Entities which are subject to the economic substance requirements (other than pure equity holding entities, as described below) must manage and direct the relevant activity in the BVI and conduct core income-generating activity. They must also, taking into account the nature and scale of the relevant activity, show that they have an adequate level of employees and expenditure in the BVI and appropriate physical offices or premises for the core income generating activity. It should be noted that outsourcing of the income generating activity is permitted in certain circumstances. 

A different test applies to a pure equity holding entity, which carries on no relevant activity other than holding equity participations in other entities and earning dividends and capital gains. Under this test, the relevant entity will be deemed to have adequate substance if it complies with its statutory obligations under the BVI companies / limited partnership laws and has adequate employees and premises for holding and, where relevant, managing those equity interests.

Harneys Fiduciary is able to provide various services to assist relevant entities with meeting their substance requirements.

What are the reporting obligations and who will have access to information?

The Act made changes to the BVI Beneficial Ownership Secure Search (BOSS) System regime, as a result of which BVI and foreign registered companies and limited partnerships will generally be required to report certain information to their BVI registered agent to be uploaded onto the BOSS system. Previously “exempt persons” (including mutual funds) will remain exempt from the BOSS reporting requirements unless they carry on a relevant activity.[4]

Broadly, in addition to their existing obligations under the BOSS regime, BVI and foreign registered companies and limited partnerships which are subject to the BOSS reporting requirements will have to identify and provide their registered agent with certain information.

This information will be provided to the BVI International Tax Authority (ITA) via the BOSS system. The ITA may use the information to discharge its duty to supervise and enforce the economic substance requirements. Information will be disclosed by the ITA to relevant overseas authorities in certain appropriate cases, including where there is breach of the economic substance requirements or where the entity claims to be tax resident in an EU member state.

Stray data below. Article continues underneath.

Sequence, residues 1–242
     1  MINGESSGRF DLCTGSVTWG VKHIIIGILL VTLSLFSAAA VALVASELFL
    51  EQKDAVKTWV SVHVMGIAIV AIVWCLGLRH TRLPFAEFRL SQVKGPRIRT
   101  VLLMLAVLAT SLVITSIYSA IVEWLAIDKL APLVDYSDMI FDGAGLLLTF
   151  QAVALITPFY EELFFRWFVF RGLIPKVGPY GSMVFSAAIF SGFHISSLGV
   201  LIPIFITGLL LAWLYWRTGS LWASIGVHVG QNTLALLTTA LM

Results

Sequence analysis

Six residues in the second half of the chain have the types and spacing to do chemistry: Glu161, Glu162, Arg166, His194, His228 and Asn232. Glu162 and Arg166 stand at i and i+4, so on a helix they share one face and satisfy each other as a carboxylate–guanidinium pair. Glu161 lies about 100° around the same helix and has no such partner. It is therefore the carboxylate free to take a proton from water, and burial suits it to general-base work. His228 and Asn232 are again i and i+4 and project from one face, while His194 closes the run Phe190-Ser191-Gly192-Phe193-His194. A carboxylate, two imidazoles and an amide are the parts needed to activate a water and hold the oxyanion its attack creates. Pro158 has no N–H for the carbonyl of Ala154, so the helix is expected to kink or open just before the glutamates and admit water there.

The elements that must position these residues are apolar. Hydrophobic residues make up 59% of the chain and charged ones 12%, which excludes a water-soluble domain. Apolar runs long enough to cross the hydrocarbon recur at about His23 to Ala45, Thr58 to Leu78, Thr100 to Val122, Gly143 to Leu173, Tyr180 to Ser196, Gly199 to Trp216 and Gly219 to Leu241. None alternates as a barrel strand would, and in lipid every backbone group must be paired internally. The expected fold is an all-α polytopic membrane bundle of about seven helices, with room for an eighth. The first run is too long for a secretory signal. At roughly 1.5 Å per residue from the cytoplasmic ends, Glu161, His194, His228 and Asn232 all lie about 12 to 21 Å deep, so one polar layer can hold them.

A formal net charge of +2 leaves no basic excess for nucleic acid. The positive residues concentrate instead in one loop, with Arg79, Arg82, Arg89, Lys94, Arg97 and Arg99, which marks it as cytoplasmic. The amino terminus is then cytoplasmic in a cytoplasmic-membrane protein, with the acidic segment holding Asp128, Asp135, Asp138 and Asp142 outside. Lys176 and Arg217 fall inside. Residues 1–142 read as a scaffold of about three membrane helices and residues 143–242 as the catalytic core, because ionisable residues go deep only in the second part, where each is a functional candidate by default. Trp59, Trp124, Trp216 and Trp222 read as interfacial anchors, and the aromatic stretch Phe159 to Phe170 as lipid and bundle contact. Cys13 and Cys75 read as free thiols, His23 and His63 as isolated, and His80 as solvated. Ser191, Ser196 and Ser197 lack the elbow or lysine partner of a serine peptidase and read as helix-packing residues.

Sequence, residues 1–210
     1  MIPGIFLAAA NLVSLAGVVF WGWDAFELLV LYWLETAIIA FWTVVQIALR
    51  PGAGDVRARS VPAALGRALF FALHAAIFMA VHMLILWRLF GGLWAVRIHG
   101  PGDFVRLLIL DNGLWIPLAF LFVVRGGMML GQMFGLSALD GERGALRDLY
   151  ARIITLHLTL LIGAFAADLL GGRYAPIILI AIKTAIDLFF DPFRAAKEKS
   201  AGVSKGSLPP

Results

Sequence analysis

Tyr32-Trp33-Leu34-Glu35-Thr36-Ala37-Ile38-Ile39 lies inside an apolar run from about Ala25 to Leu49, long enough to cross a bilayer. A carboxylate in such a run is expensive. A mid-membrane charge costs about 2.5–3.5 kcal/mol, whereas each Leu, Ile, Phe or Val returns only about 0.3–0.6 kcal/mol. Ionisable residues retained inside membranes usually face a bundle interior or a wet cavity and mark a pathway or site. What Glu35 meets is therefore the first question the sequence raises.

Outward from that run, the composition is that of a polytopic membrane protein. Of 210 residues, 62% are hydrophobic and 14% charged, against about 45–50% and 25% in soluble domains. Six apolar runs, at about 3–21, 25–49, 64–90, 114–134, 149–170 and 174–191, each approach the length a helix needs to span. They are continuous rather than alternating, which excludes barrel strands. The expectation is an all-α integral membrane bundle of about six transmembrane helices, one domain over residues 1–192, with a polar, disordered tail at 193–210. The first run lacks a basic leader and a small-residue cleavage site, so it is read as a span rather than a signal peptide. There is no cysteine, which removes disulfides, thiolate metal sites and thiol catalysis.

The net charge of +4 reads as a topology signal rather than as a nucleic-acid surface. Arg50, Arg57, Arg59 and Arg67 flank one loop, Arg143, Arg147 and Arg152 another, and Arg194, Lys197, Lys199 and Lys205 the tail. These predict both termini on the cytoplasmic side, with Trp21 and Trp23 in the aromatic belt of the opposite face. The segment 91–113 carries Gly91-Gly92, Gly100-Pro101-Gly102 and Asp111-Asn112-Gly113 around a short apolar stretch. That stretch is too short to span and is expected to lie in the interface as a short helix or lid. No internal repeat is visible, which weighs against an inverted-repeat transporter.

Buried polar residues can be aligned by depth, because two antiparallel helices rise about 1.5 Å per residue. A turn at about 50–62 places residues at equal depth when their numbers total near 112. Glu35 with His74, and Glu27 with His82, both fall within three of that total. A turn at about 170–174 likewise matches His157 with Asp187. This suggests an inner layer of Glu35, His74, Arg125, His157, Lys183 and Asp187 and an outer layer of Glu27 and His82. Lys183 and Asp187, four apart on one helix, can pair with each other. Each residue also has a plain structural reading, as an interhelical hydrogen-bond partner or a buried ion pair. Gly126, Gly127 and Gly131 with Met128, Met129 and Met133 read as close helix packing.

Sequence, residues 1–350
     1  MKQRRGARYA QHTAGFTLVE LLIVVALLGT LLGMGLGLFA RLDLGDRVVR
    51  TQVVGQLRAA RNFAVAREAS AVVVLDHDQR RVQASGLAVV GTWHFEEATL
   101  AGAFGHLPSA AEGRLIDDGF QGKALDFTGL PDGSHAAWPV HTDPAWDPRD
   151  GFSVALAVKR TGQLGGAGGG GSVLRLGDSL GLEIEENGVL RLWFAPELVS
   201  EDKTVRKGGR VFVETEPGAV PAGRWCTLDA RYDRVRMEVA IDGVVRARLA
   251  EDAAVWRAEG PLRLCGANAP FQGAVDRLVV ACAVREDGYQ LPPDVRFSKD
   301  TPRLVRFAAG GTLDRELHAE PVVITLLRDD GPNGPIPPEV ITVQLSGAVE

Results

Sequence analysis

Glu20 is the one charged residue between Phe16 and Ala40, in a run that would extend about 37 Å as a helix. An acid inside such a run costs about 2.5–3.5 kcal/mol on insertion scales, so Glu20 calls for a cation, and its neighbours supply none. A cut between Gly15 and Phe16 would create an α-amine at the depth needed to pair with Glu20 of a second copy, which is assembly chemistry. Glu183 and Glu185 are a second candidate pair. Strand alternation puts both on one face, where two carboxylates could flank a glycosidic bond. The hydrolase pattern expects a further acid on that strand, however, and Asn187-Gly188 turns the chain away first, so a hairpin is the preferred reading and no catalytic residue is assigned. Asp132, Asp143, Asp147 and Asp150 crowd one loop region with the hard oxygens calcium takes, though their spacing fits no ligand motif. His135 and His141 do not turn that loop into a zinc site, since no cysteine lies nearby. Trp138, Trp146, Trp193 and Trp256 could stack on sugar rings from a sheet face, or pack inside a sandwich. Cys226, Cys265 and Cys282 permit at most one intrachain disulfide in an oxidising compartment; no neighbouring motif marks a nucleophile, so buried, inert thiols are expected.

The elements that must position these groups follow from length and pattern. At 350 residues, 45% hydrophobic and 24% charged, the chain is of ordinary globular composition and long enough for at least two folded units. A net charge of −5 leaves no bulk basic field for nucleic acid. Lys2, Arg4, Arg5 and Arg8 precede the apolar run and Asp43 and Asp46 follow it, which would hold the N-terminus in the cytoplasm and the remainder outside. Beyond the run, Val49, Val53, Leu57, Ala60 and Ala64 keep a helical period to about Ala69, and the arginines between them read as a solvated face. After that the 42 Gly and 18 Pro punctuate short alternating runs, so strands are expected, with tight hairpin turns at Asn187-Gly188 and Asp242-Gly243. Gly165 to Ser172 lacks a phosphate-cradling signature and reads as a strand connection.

Substantial fines and up to 5 years’ imprisonment can be imposed for non-compliance and the relevant entity may be struck off the register.

What happens next?

The Regulations, Rules and formal Guidance Notes, when issued, will provide further detail and a clearer picture. We will be in touch with more information on the steps required to understand the impact (if any) of the economic substance requirements and the measures that entities need to take to ensure compliance. We believe that, for many entities, the impact will be minimal and compliance will be straightforward. If you have any questions in the meantime, please contact your usual Harneys contact or Ross Munro, Phil Graham, Rachel Graham, Amy Roost or Josh Mangeot.

 


[1] Tax resident in a jurisdiction outside the BVI (which is not itself treated by the EU as non-cooperative for tax purposes).

[2] Other than certain limited partnerships registered without legal personality – please consult with your usual Harneys contact for further information.

[3] It is possible to apply to the BVI International Tax Authority (ITA) to shorten or lengthen a financial period so as to alter the commencement date for successive financial periods, provided that no such altered period shall exceed twelve months in length. Please consult with your usual Harneys contact for further information.

[4] It is possible that exempt persons not carrying on a relevant activity may be required to submit a “nil return” confirming this to their registered agent at the end of each financial period.